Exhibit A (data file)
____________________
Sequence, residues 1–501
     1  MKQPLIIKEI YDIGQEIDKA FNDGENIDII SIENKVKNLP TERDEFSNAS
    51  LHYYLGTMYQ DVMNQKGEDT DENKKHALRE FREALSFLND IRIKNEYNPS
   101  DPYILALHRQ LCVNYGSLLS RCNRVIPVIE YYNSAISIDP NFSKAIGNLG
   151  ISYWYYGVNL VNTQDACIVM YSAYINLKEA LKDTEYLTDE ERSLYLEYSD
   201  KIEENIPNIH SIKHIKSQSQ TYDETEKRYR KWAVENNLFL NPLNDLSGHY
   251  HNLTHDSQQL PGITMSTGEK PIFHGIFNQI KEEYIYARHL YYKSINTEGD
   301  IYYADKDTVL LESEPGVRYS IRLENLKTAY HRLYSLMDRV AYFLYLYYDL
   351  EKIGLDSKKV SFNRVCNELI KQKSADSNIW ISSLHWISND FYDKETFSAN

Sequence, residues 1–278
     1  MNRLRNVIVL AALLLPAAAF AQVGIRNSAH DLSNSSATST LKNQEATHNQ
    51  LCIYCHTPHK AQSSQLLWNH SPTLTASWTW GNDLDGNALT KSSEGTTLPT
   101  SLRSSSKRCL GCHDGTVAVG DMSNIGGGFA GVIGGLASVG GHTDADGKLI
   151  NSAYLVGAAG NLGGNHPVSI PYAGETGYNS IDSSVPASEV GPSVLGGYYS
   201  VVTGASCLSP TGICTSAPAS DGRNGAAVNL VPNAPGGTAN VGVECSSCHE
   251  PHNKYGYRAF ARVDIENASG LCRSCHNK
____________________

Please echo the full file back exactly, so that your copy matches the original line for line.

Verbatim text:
Sequence, residues 1–501
     1  MKQPLIIKEI YDIGQEIDKA FNDGENIDII SIENKVKNLP TERDEFSNAS
    51  LHYYLGTMYQ DVMNQKGEDT DENKKHALRE FREALSFLND IRIKNEYNPS
   101  DPYILALHRQ LCVNYGSLLS RCNRVIPVIE YYNSAISIDP NFSKAIGNLG
   151  ISYWYYGVNL VNTQDACIVM YSAYINLKEA LKDTEYLTDE ERSLYLEYSD
   201  KIEENIPNIH SIKHIKSQSQ TYDETEKRYR KWAVENNLFL NPLNDLSGHY
   251  HNLTHDSQQL PGITMSTGEK PIFHGIFNQI KEEYIYARHL YYKSINTEGD
   301  IYYADKDTVL LESEPGVRYS IRLENLKTAY HRLYSLMDRV AYFLYLYYDL
   351  EKIGLDSKKV SFNRVCNELI KQKSADSNIW ISSLHWISND FYDKETFSAN

Sequence, residues 1–278
     1  MNRLRNVIVL AALLLPAAAF AQVGIRNSAH DLSNSSATST LKNQEATHNQ
    51  LCIYCHTPHK AQSSQLLWNH SPTLTASWTW GNDLDGNALT KSSEGTTLPT
   101  SLRSSSKRCL GCHDGTVAVG DMSNIGGGFA GVIGGLASVG GHTDADGKLI
   151  NSAYLVGAAG NLGGNHPVSI PYAGETGYNS IDSSVPASEV GPSVLGGYYS
   201  VVTGASCLSP TGICTSAPAS DGRNGAAVNL VPNAPGGTAN VGVECSSCHE
   251  PHNKYGYRAF ARVDIENASG LCRSCHNK